The parents of Trayvon Martin, the unarmed black teenager shot dead in Florida, have joined protesters during a day of demonstrations across the United States.
The 17-year-old’s mother, Sybrina Fulton, addressed the crowd in New York, backed by music stars Jay Z and Beyonce, who joined campaigners in a moment of prayer.
Protests were held in more than 100 US cities, sparked by the acquittal of Neighbourhood Watch volunteer George Zimmerman.
He was found not guilty of killing Trayvon during an altercation in a gated community in February 2012, after successfully arguing he was protecting himself when he shot the youngster.
Trayvon’s death has become a flashpoint in national debates over self-defence laws, guns, and race relations.
Mrs Fulton told protesters: “Trayvon may not have been perfect, but he was mine. We loved him, we supported him, we cared for him, just like you do your kids.
“Of course we’re hurting, of course we’re shocked and disappointed. But that just means that we have to roll up our sleeves and continue to fight.”
Meanwhile, Trayvon’s father, Tracy Martin, spoke at a vigil in Miami.
He vowed to “fight for Trayvon until the day I die”, adding: “This could be any one of our children. Our mission now is to make sure that this doesn’t happen to your child.”
The rallies came after President Barack Obama spoke publicly about Trayvon’s death and the deep frustrations felt among African Americans over the not guilty verdict.
“Trayvon Martin could have been me 35 years ago,” he told reporters.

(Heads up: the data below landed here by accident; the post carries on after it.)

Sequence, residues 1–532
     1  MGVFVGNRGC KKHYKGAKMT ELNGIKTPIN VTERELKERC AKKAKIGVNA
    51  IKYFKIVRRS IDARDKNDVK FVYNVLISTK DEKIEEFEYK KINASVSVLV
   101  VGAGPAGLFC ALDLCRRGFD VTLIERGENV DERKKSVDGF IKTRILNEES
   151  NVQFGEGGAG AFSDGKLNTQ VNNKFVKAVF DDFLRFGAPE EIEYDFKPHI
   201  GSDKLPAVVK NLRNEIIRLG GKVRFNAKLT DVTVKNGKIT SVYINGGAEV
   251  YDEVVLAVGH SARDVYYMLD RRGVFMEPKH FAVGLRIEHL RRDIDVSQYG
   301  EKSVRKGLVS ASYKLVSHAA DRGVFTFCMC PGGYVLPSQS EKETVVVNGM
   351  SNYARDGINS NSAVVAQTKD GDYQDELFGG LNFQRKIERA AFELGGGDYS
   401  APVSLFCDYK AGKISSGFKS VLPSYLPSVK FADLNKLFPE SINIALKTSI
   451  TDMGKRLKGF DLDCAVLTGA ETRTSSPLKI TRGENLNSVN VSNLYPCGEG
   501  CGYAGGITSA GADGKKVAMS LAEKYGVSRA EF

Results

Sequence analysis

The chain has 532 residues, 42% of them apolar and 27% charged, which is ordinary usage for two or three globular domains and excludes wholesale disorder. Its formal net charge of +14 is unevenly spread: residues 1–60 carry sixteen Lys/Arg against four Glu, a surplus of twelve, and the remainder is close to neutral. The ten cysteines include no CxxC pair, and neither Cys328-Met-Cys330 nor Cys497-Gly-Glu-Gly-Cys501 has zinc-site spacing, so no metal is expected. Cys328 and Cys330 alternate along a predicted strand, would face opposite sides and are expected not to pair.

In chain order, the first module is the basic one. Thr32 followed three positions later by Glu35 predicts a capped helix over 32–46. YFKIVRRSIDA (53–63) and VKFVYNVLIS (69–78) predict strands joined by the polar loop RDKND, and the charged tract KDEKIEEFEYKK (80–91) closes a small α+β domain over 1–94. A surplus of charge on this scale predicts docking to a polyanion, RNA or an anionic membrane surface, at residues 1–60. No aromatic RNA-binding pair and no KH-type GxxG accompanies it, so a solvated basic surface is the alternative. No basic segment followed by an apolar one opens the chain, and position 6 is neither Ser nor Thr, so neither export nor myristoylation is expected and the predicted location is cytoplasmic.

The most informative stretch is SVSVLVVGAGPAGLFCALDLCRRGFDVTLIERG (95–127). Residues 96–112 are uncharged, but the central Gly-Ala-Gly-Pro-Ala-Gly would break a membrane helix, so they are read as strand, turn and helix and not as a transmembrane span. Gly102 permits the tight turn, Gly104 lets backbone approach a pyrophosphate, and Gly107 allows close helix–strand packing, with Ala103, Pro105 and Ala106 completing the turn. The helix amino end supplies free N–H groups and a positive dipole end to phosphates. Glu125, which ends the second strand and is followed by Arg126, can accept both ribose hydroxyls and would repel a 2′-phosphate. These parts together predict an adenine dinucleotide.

Praising the “incredible grace and dignity” shown by Trayvon’s parents, the president said “some soul-searching” on race was in order.
Although he did not comment directly on the Florida verdict, he called for a review of controversial “stand your ground” laws, which allow citizens to use lethal force – rather than retreat – if they sense their lives are at risk.
“I just ask people to consider if Trayvon Martin was of age and armed, could he have stood his ground on that sidewalk?” Mr Obama asked.
“And do we actually think that he would have been justified in shooting Mr Zimmerman who had followed him in a car because he felt threatened?”
Trayvon’s parents said they were “deeply honoured and moved” by Mr Obama’s comments.
“President Obama sees himself in Trayvon and identifies with him,” they said in a statement. “This is a beautiful tribute to our boy.”
As well as appealing for a review of the self-defence law, campaigners are pushing the US Justice Department to investigate filing federal civil rights charges against Mr Zimmerman.
Such a case would require evidence that he harboured racial animosity against Trayvon.
Mr Zimmerman’s lawyers say the shooting was not driven by race but by a desire to protect his neighbourhood after a spate of burglaries.